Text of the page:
Short Answer and Fill-In-the-Blank Test Strategies

While fill-in-the-blank test questions are not common on standardized tests, it is a form of testing that many teachers use, especially in High School tests.  See our Ultimate Guide to Test Preparation as well.  Along with fill-in-the-blank questions, you may even have short answer questions on many of your tests, and there are strategies you can use to accurately answer these types of questions.

The first step is understanding what a short answer or fill-in-the-blank questions are. These types of questions generally will require you to read the problem and fill in the correct answer. Fill-in-the-blank and short answer questions test your ability to recollect facts and trivia you have learned. This leads us to one of most important short answer and fill-in-the-blank test strategies, good study skills.

Another way to understand a short answer question is by looking at the directions. Sometimes a question is asked through telling you to ‘define’ or ‘define and tell the significance of the following.’ This means you will be required to write a sentence or more to answer the question. Now that you understand the meaning of fill-in-the-blank and short answer tests, you can learn some strategies to help you score high on those tests.

Many of the strategies are the same as Answering Multiple Choice questions.  See Answering Multiple Choice Part 1 & Part 2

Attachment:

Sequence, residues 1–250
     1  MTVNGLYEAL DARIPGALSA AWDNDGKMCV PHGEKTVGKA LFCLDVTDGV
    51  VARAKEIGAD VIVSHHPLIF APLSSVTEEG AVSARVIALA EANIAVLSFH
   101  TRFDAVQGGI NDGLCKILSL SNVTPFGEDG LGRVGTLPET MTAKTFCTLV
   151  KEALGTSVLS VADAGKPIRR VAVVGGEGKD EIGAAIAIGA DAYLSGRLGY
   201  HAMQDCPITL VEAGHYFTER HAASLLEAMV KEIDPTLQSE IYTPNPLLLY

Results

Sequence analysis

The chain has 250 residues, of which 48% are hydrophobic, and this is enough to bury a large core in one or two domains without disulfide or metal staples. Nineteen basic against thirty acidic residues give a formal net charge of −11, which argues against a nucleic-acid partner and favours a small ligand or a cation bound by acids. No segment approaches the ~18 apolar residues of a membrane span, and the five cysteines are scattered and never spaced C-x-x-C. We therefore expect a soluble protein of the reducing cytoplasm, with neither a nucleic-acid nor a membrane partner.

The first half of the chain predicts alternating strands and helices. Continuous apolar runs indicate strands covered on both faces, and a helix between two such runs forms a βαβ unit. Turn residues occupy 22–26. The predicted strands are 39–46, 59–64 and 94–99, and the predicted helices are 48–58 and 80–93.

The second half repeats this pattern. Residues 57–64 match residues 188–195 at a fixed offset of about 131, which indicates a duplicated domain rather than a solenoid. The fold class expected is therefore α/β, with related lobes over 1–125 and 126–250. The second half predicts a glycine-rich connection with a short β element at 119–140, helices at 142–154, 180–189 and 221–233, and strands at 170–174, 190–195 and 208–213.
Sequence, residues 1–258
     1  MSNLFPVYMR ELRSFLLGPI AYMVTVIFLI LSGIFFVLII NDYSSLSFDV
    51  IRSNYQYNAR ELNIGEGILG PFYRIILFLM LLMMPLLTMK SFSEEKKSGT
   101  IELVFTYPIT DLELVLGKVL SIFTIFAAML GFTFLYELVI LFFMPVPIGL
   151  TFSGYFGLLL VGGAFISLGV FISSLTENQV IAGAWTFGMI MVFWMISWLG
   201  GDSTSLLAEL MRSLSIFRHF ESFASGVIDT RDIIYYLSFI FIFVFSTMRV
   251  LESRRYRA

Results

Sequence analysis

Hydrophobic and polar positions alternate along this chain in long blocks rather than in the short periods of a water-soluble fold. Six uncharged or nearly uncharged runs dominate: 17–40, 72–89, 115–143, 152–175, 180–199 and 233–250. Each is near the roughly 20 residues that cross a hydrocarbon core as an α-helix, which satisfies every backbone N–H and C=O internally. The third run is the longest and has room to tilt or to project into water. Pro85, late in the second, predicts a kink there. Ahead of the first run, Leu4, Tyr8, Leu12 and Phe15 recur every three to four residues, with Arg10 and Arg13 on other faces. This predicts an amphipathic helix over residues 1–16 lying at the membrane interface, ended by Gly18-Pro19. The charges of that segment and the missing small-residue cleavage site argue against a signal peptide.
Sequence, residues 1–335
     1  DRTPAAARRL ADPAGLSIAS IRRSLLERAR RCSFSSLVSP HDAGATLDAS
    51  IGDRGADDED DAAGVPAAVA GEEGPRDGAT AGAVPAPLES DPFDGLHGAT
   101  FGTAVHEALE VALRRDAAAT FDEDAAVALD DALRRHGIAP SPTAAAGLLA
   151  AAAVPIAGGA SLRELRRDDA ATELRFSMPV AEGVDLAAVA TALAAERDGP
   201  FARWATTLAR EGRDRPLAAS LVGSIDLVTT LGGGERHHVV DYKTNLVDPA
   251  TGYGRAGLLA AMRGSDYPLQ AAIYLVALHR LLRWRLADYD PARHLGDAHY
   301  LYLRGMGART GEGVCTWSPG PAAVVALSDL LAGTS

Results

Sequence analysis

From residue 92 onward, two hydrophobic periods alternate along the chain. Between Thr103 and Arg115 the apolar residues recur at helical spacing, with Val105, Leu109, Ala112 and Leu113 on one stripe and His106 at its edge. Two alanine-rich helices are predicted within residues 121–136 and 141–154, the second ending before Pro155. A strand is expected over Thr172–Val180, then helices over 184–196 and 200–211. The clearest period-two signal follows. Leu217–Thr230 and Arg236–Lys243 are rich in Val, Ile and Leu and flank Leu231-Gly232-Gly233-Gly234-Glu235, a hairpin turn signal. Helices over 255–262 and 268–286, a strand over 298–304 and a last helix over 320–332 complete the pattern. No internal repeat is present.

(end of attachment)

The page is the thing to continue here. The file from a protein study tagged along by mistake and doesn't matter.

1. The first strategy is to look for clues in the test question. This means to see if the question is worded differently than what is commonly used and then you may be able to find the correct answer. If the test maker did use a different type of phrase, it is wise to consider that as a way of finding the answer to the question and how it should be worded.

2. Just because you have looked for clues does not mean you have to read to much into the test question, which leads us to the next strategy, do not look for hidden meanings. Fill-in-the-blank and short answer tests are basic, which means that these tests usually only want you to recall facts from the notes you took in class or read in your books. These tests will only require hardly more than an accurate recollection of those facts. If you look for hidden meanings that are not there, you will end up making the test more difficult. If you have already studied well for the test, your answers should come easily.

3. As with any type of test, making an educated guess on fill-in-the-blank and short answer tests is a good strategy to use when you are stuck. Often times, you will remember more when you start writing, moreover, you may be able to receive partial good marks for getting the answer almost right. An educated guess consists of as much specific information as you can recall and then fill in with words like ‘tends to,’ ‘may,. and ‘often.’  More on guessing.

4. If you are still a little stumped, you should count the number of blanks provided with the fill-in-the-blank question. This can give you an idea of what information is needed because teachers can let you know what answer they are looking for this way. This isn’t likely to be useful on a standardized test, but probably a good strategy on a High School test.  Keep in mind though, that there can be really short or long blanks, as well as any number of them, so if you are sure that a two blank question has a one word answer write it down and move on.

See Also – What to do in the Test Room Part 1 & Part 2



About the Author

Brian has a BA in Economics, and an MA in Psychology. He lives in British Columbia, Canada. He has traveled widely and has written extensively on education, testing and tests.

Comments (2)

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  1. nicole says:

    love this i got a 100% on my test thank you for posting this

  2. bobbi says:

    this is boring but it helps.

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